I was at this bar once with a bunch of English professors when one professor suddenly suggested we all confess our literary sins. We should admit what great books we dislike.
He started by admitting that he had never read Moby Dick, nor did he ever want to. He had, in fact, taught it once.
Another said he despised Henry James so much, he had suggested the students to read Cliff Notes instead. This was at a college where Cliff Notes were not allowed.
A third one said he didn't care for contemporary American poetry. It's too sloppy, too undefined, too anything goes.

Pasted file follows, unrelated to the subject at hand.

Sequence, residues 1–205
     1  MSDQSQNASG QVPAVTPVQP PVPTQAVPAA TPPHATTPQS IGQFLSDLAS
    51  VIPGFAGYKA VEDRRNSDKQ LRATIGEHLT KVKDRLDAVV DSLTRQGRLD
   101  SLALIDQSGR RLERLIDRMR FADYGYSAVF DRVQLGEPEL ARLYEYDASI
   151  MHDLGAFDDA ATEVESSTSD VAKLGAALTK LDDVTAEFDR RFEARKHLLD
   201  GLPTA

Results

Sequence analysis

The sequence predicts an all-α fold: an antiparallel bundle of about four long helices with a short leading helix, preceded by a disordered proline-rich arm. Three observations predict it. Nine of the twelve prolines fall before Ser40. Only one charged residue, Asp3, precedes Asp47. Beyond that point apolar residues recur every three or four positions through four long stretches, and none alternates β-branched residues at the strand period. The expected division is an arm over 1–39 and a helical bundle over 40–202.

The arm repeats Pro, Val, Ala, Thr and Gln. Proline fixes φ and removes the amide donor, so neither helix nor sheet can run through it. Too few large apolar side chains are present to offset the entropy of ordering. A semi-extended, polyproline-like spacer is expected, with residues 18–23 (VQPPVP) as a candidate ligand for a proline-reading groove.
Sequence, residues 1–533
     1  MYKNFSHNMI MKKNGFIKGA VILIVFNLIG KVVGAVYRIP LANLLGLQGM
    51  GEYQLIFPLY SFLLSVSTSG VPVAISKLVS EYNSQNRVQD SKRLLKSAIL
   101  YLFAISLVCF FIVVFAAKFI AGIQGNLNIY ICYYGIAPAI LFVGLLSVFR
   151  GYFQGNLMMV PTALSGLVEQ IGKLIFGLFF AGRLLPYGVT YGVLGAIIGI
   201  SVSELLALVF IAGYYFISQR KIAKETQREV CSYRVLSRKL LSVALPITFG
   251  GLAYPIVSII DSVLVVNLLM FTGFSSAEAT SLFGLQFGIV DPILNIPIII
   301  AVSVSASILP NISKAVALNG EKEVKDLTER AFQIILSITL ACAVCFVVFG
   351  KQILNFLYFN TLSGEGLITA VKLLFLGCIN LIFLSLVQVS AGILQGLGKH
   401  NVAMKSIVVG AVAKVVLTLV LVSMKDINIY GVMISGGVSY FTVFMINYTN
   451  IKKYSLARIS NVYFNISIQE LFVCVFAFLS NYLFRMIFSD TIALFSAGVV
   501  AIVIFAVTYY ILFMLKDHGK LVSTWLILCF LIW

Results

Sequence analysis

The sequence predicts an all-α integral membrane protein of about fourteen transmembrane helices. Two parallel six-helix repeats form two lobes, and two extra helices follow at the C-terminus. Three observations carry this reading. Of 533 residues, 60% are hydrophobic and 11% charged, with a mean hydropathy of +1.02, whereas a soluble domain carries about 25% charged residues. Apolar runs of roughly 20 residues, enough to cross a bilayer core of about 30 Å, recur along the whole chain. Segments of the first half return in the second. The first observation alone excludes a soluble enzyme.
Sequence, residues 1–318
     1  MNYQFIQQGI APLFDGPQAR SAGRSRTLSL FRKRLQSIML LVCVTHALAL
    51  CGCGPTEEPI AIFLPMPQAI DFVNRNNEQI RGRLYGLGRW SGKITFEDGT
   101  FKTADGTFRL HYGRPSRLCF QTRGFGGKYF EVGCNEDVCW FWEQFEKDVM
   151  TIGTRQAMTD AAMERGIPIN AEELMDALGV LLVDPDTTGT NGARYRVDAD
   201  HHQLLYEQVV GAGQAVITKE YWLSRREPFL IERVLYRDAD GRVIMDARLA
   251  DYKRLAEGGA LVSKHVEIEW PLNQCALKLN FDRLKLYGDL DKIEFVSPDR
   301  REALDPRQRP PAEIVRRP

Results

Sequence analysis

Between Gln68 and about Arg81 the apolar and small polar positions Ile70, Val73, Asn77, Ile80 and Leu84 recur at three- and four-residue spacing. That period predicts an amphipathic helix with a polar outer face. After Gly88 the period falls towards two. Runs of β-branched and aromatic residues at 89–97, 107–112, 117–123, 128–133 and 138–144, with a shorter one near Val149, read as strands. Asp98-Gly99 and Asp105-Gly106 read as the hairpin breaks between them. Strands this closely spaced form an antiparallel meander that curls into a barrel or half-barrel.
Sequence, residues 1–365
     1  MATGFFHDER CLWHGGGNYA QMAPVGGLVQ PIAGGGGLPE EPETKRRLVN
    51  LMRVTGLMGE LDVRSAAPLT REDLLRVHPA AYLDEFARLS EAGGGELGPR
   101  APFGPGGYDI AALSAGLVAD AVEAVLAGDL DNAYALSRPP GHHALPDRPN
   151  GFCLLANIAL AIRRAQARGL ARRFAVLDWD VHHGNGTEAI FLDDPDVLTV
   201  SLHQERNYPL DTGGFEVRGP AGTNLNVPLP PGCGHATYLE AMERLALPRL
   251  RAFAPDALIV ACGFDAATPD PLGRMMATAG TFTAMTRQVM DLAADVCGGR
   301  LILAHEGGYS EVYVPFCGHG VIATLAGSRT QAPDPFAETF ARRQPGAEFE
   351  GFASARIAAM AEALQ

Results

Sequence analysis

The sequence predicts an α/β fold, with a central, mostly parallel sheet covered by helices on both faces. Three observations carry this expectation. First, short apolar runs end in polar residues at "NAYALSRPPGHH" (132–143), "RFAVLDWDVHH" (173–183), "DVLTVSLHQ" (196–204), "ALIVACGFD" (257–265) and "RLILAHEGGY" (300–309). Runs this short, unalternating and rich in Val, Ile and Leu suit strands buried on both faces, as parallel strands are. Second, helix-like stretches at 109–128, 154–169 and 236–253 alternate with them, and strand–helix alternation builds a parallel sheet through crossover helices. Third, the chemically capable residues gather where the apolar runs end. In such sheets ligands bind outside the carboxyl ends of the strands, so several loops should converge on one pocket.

Have you read much of it? the others asked.
No, he admitted. I don't read what I don't like.
How can you do that and be an English professor? I asked. Everyone laughed.
I noticed suddenly that no one wanted to confess anymore. I didn't want to join in with my dislike of Sylvia Plath. I know, as a woman poet of my generation, I am supposed to love her, but I am allergic to her voice.
There was a heavy weight in the air just then, like the ghosts of the unmentioned dead were waiting behind our chairs, listening for their names to be called. I could almost see Sylvia watching me, twirling her long blonde hair.
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